At the start of the war, women tried repeatedly to join the US Merchant Marine. They were thwarted by the War Shipping Administrator (WSA), Admiral Emory S. Land who declared that there was no place in the Merchant Marine for women. It would be too immoral. By this order from the WSA, the US Coast Guard refused to document women who served. Women served anyway and performed every duty asked of them, without any formal recognition their work. They served on barges and other vessels, mostly as cooks and messmen. They were paid salaries and Social Security taxes were taken from their wages. They performed the same services as those with proper credentials on the same vessels and did it well. They deserve to be recognized for their service to our country.
Efforts to gain status as seamen by the women were met with stern denials from the Captains of the Port (COTP) stationed at the various coastal ports. I was present in June of 1942, when the COTP of New York denied my mother and sister their official documentation as seamen. Instead he issued an official US Coast Guard Identification Card to my mother and told her my sister did not need one as she was below the age of 16. Children could move about freely through the security checkpoints on the docks if accompanied by a parent. He stated by order of the WSA, he was directed to deny official seaman’s papers to women upon application.
Thousands of other women were denied official documentation for service in the Merchant Marine. To this day, there has been no way for these women to gain their due recognition as seamen of the United States Merchant Marine and thus gain veterans status of this nation. A letter from the US Coast Guard dated 09 Apr, 2010, states, “The US Government did not issue mariner credentials to females during World War II.”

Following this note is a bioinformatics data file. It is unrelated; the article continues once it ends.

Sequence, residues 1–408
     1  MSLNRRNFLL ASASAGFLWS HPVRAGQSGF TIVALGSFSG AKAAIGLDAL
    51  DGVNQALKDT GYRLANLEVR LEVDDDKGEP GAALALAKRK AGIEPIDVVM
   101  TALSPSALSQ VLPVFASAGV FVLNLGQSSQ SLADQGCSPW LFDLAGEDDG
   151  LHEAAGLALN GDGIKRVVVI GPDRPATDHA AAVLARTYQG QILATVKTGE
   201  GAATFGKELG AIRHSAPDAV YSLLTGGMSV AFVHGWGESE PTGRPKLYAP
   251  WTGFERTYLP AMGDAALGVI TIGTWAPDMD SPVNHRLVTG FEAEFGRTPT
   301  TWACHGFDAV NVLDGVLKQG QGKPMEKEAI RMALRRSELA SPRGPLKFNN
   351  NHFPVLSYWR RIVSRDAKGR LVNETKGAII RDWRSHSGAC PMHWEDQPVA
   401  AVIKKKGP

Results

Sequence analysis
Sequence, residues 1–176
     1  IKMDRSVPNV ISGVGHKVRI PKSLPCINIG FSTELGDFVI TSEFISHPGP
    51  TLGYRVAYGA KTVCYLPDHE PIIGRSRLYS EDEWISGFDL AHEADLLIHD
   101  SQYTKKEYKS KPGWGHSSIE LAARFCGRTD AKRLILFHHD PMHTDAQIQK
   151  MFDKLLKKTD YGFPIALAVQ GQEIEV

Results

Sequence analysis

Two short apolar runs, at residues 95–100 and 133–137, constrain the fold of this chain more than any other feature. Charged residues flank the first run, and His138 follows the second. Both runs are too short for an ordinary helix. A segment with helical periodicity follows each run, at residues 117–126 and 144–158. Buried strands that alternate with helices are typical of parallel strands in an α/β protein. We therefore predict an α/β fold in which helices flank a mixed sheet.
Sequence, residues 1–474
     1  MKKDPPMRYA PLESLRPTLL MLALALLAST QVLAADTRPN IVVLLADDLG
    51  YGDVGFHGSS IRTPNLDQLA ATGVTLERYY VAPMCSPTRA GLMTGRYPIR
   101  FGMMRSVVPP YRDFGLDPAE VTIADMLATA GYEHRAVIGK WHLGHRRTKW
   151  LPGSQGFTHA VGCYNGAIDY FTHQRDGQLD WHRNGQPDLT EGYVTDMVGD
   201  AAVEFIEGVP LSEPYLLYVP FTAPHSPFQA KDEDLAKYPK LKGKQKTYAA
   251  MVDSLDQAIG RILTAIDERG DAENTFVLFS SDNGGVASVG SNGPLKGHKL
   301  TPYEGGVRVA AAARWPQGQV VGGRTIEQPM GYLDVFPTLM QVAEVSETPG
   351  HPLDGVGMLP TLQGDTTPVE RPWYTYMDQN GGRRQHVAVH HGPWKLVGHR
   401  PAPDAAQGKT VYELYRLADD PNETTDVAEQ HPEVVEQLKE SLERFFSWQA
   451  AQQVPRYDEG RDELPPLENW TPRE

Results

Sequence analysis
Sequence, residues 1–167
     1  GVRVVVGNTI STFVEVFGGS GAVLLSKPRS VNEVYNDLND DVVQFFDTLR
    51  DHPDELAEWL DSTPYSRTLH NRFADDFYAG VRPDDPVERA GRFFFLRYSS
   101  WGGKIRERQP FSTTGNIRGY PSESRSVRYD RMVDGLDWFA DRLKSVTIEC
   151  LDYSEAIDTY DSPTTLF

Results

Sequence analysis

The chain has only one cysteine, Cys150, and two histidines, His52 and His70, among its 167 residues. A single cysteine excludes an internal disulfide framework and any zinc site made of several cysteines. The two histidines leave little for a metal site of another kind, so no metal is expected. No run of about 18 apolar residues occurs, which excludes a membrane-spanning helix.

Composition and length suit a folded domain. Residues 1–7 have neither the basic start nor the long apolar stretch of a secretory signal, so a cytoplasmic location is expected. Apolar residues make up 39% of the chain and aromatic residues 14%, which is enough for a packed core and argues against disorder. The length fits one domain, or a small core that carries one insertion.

Recent research of 29 barges and tugs brought forth over 1150 seamen who served between 1942 and 1943. From that group there were 87 seamen with traditionally female names who served aboard those vessels. That transmits to a ratio of almost 9 percent of the work-force being women, if one could use this finding to be an approximate ratio of seamen who served on coastwise vessels. In today’s military service, where women are recognized for their service, the ration is placed at 14%. This finding provides an astounding proportion of women serving during World War II in the Merchant Marine that have never been officially recognized as seamen and veterans. This is wrong and it needs to be corrected. Providing alternative documentation and methods would remedy this shameful situation.
Other research has brought forth two additional actions that have prohibited seamen who served in the Merchant Marine during World War II from seeking recognition as veterans. The Commandant of the US Coast Guard’s order of 20 Mar 1944 relieved the masters of tugs and seagoing barges of the responsibility of issuing shipping and discharge papers to seamen. Then, the US Maritime Administration issued orders to destroy ship’s deck and engine logbooks in the 1970s. A US Coast Guard Reference Information Paper #77 dated April, 1990 refers to these actions.